Daily Bread: Are tortillas and breads in Mexico adequately fortified?

May 2019 Report
Daily Bread: graphic of baker making tortillas

Executive summary

Poor-quality diets not only contribute to the rise of obesity and non-communicable diseases but also lead to micronutrient deficiencies – a lack of vitamins and minerals that are essential for health. Micronutrient deficiencies remain a significant problem in Mexico, where, in recent years, nine out of ten women do not get enough iron in their diet, a quarter of adult men do not get enough zinc and anaemia rates appear to have increased among all age groups. This can have serious consequences: If nutritional anaemia is not identified and resolved before a child reaches two years old, the damage to health becomes irreversible.

Food fortification is an important and effective tool in the fight against micronutrient deficiencies. For this reason, Mexican law already requires wheat and nixtamalized maize flour to be fortified with iron, zinc, folic acid and other B vitamins. The current standards have been in place for a decade. Building on our previous investigation, which showed that only 7% of packaged flours available at retail level in Mexico are adequately fortified, this report goes further to look at whether food processors are buying and using wholesale flour fortified according to the Mexican standard. It represents the first independent testing, and comparison with the flour-fortification standards, of the nutritional content of industrially produced tortillas and breads in Mexico.

Our findings reveal that the legal requirements for fortification of flours are not translating into adequate fortification of breads and tortillas. Only 14% of bread products (6 out of 43) and 1.5% of tortilla products (1 out of 69) clearly met the minimum iron and zinc levels mandated in the flour-fortification regulation. It also appears that barely any of these products contain the recommended type of iron. This is concerning, given that tortillas and bread are both staple foods in Mexico, with per-capita consumption at 57kg and 34kg per year respectively.1 These results show that companies cannot be trusted by themselves to procure adequately fortified flour for use in making flour-rich products, nor to guarantee nutritious foods for the population.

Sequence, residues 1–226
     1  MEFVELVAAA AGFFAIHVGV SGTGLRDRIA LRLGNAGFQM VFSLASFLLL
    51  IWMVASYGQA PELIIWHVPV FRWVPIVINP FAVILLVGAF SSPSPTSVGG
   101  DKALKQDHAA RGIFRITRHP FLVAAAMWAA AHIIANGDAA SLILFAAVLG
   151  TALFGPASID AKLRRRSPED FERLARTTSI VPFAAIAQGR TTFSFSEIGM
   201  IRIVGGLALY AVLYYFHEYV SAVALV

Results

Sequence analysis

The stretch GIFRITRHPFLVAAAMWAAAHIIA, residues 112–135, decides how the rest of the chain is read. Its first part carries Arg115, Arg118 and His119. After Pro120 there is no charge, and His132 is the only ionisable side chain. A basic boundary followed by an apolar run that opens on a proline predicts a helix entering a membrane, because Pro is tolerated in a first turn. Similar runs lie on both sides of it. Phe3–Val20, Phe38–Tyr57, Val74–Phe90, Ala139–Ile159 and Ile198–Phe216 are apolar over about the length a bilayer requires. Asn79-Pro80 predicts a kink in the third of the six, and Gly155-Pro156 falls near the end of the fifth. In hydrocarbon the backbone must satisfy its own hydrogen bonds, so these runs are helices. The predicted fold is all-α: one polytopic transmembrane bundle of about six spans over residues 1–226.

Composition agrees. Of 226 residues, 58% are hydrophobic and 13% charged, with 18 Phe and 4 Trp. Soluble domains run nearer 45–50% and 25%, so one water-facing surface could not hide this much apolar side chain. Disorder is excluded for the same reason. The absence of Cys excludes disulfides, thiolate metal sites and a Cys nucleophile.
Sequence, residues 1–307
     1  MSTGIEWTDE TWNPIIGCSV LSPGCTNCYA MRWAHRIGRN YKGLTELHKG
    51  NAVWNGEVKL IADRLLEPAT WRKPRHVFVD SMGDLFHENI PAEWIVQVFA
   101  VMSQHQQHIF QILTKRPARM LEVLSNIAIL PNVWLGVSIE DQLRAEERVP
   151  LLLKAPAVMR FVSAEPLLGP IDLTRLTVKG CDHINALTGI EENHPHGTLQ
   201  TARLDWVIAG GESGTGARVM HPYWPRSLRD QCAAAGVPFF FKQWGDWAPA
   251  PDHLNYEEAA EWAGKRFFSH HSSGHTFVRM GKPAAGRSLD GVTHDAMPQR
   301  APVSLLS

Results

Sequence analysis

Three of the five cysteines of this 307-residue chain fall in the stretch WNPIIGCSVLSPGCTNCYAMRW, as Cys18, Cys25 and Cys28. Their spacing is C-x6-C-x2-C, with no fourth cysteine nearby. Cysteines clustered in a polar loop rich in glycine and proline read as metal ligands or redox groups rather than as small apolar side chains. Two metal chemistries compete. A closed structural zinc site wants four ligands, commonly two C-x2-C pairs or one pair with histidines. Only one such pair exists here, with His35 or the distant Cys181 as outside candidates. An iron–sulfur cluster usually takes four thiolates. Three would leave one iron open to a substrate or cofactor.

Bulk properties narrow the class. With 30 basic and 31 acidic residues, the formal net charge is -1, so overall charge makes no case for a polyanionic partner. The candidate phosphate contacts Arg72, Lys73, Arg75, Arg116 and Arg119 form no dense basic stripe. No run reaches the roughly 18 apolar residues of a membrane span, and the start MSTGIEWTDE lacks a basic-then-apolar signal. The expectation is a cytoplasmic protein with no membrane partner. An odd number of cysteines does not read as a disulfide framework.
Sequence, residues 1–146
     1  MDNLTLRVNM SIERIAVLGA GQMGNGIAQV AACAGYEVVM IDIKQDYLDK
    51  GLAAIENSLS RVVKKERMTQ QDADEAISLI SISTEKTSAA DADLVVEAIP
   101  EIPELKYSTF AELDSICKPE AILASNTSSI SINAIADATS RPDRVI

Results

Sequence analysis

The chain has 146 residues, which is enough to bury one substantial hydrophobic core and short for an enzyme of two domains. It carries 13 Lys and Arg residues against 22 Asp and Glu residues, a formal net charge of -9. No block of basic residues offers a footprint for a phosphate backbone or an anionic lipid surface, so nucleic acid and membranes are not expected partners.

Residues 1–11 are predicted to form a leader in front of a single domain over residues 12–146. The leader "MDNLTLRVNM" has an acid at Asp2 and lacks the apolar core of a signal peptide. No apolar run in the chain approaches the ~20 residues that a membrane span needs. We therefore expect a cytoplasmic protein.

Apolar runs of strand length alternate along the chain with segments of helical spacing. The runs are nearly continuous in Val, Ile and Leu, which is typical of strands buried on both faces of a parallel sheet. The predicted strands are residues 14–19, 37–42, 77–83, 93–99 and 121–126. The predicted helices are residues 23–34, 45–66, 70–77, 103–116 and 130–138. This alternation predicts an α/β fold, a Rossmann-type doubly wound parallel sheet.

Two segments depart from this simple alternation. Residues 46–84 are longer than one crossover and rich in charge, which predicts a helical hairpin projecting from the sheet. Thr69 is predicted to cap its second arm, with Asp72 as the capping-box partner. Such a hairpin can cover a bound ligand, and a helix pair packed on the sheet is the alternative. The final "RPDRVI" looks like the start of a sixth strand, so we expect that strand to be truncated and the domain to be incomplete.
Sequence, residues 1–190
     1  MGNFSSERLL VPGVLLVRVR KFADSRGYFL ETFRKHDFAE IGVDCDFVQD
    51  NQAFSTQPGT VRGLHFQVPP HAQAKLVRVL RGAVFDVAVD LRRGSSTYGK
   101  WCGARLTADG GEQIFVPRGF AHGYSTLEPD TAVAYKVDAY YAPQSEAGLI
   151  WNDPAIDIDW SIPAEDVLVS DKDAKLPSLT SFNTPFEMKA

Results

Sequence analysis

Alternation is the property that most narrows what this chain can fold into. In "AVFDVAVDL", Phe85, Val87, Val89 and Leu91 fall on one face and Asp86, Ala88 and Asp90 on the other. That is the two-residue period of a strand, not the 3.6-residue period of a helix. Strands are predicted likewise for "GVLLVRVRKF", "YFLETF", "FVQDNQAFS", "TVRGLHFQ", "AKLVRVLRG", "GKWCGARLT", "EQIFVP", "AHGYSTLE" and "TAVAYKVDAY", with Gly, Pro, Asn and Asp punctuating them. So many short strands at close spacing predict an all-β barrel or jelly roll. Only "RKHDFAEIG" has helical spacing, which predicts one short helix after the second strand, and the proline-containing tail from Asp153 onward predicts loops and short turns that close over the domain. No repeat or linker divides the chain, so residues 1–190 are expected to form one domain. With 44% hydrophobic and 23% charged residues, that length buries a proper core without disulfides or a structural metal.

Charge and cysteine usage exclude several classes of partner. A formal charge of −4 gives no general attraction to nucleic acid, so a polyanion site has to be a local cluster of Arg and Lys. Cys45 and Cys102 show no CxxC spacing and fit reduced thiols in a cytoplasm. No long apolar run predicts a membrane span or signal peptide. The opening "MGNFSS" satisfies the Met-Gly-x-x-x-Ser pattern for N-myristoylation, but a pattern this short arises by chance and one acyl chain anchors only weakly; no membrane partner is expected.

This report shines a spotlight on multi-billion-dollar companies with significant experience in food processing, such as Grupo Bimbo, the bakery giant, and Gruma, a world leader in tortilla manufacturing. We tested 11 bread products (86 samples) and 12 tortilla products (89 samples) from Grupo Bimbo, covering the brands Bimbo, Oroweat, Wonder, Sanissimo, Tia Rosa, Del Hogar and Milpa Real. Only one bread and one tortilla product from Grupo Bimbo contained quantities of both iron and zinc that clearly met the flourfortification standard. We tested seven products (45 samples) made by Gruma (which produces the Mission brand of tortillas), none of which contained levels of iron or zinc that clearly met the flour-fortification standard. The quantities of iron and zinc in Gruma tortillas were also notably lower than in products from most other companies; indeed, several products had such low levels that it raises the question whether the flour used was fortified at all.

It is not only flour millers that have a moral responsibility for tackling micronutrient deficiencies; food manufacturers also play a critical role in delivering micronutrients through adequately fortified products. As such, these companies should have robust systems in place to procure and use adequately fortified flour. There is no good reason for corporate giants to sidestep their responsibility, and no excuse for their failure to procure flours fortified to the legal standards.

This report presents a further opportunity for the new government in Mexico to update the fortification regulations to cover breads and tortillas, thus closing the regulatory loophole. The new administration should take corrective measure to address the failings of the food industry and uphold the law, which was established to guarantee that people in Mexico get essential nutrients through staple foods.

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